Should we be asking our kids?

By 3rd April 2012 May 16th, 2016 Inspiration

I came upon a site that had posted this video while researching for a presentation I gave for my Consumer Behavior class at Bilgi University. Even though I didn’t use the video for the presentation it stuck with me.

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http://www.ladd-design.com/ladd–fresh-impressions-on-brandmarks-(from-my-5-year-old).html

Perceptions are subjective impressions based on cultural experiences. Children are at the beginning of creating these experiences, they are still blank slates compared to us. They live in a relatively protected world and aren’t as bombarded by information as we are.

Thus the 5 year olds picture book story telling impressions are striking as she gives us a glimpse of her little world, her relationships with major high street brands and how she perceives these logos. You find out that her mother probably has a coffee dependency (she nails Starbucks and is able to associate Panera with coffee), her grandfather works at GE, and she drinks Pepsi at the pizza place they go to. But you also witness her try and explain brands that she is not familiar with. You can clearly listen to her making associations, shedding light to her simple yet astute logic.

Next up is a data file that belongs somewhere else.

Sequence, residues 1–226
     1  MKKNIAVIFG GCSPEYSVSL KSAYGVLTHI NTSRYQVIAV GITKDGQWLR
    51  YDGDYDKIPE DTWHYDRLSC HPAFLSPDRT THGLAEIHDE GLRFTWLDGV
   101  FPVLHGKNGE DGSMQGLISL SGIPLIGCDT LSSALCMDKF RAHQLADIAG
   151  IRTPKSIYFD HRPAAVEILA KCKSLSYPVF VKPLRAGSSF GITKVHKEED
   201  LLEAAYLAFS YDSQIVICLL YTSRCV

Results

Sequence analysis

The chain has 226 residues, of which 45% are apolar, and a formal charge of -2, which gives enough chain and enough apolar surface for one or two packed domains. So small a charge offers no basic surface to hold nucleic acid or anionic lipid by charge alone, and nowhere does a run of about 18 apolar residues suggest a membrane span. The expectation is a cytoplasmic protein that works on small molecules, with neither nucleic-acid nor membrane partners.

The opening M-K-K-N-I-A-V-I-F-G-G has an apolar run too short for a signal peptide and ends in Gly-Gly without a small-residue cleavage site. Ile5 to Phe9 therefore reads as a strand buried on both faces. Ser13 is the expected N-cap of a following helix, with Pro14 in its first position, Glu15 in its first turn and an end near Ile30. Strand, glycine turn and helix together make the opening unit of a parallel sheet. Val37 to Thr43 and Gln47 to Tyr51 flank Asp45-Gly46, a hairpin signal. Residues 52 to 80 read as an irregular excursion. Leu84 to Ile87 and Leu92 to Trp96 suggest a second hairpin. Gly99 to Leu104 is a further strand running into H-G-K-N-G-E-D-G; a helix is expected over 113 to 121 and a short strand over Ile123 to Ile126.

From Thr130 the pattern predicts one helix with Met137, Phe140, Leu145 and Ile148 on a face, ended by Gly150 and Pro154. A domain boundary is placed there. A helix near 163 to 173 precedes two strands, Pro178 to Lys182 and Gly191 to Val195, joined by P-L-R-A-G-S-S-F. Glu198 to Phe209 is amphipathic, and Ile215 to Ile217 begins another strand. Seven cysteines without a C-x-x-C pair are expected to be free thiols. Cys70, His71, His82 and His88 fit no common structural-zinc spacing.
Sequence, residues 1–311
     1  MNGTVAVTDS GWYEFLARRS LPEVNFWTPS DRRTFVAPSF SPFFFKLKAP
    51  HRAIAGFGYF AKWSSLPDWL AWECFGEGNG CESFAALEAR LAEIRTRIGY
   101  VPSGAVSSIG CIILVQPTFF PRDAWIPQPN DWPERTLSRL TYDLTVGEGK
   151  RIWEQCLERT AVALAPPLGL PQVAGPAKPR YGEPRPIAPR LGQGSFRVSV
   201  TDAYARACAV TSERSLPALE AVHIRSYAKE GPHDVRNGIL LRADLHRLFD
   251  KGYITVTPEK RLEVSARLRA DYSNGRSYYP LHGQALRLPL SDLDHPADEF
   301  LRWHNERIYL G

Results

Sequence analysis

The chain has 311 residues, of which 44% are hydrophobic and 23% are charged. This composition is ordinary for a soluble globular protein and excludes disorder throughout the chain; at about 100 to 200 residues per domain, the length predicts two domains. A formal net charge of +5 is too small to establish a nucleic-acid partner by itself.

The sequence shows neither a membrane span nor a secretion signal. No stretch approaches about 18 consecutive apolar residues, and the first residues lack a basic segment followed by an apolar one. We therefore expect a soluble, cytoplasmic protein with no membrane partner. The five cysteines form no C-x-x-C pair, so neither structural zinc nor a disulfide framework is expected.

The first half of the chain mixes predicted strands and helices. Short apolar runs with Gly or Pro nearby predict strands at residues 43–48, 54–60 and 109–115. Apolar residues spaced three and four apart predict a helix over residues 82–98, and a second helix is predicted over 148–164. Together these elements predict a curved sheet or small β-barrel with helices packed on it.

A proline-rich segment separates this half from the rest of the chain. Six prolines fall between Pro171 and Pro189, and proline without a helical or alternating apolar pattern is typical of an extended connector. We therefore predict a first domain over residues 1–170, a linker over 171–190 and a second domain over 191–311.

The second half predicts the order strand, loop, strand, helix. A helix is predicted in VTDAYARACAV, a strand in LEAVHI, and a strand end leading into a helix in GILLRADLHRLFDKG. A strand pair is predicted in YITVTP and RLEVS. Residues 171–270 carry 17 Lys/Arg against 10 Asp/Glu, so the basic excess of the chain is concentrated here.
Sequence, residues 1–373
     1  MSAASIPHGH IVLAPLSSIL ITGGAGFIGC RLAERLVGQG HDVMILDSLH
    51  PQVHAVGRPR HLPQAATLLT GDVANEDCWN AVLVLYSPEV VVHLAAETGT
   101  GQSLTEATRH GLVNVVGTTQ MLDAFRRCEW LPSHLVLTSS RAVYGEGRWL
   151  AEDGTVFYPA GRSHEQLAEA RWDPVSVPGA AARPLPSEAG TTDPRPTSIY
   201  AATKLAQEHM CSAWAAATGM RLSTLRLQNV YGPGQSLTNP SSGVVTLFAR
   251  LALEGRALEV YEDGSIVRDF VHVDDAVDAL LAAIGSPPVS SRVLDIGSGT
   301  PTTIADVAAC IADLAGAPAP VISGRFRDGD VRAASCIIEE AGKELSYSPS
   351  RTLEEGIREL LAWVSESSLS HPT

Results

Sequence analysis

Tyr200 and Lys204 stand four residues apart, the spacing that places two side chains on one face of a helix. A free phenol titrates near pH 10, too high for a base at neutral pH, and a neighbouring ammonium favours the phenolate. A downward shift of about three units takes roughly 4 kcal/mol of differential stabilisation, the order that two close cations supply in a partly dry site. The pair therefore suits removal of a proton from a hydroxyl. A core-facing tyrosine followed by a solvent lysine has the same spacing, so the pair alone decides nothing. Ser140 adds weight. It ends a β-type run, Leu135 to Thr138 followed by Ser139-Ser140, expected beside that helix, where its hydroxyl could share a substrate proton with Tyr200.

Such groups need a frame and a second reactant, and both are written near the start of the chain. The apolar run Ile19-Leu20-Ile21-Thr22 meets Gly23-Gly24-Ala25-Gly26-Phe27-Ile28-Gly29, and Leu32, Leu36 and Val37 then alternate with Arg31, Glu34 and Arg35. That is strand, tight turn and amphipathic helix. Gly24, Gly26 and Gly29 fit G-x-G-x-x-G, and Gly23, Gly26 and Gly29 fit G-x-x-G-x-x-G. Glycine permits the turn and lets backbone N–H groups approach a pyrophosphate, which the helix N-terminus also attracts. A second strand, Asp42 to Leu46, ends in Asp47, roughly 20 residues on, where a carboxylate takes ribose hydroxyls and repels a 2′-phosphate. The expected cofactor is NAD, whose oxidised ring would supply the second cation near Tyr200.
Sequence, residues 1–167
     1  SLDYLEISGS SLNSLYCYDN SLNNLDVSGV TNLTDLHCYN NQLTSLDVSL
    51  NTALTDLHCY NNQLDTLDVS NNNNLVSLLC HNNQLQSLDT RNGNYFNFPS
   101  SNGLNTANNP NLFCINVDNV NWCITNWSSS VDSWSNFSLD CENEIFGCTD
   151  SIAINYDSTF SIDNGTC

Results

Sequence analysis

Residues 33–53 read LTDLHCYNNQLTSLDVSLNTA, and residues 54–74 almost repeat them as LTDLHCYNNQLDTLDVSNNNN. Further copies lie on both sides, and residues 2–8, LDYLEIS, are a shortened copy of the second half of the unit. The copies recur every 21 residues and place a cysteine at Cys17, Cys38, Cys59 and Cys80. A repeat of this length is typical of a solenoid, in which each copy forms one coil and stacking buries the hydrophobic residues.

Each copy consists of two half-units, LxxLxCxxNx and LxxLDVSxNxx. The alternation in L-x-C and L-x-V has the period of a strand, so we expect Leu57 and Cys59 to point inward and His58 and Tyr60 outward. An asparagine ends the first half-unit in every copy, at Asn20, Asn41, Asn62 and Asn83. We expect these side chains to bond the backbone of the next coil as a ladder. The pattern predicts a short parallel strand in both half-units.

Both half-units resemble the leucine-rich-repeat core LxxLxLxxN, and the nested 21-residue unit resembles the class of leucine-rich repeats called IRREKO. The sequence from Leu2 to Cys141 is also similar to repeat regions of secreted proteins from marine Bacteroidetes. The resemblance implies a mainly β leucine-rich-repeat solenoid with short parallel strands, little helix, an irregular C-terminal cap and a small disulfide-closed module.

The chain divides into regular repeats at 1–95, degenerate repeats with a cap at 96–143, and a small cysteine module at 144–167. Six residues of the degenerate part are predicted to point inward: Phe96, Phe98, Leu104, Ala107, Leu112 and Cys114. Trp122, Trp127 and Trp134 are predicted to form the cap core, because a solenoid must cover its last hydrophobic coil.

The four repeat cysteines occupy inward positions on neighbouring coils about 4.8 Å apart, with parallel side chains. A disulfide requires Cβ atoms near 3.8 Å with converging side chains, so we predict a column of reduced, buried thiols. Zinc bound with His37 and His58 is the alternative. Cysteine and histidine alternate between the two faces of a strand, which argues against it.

This is really insightful because as adults our primary responses are now deep in our subconscious, we are not able to think as simply and clearly as children. It’s harder for us to explain the associations we make.

Looking through the eyes of a child can help us trigger our subconscious; a valuable exercise given the majority of our decisions lie deep in our subconscious. When evaluating creative work, whether it is a piece of packaging design for a water brand or a piece of communications for the finance sector, we often project ourselves as children and then share our first impressions. This helps us get closer to our inner most thoughts and feelings; and gives us a few treasured moments of liberation; the freedom to shake off our social conditioning and revert back to a time when perceptions didn’t rule our thoughts and feelings.

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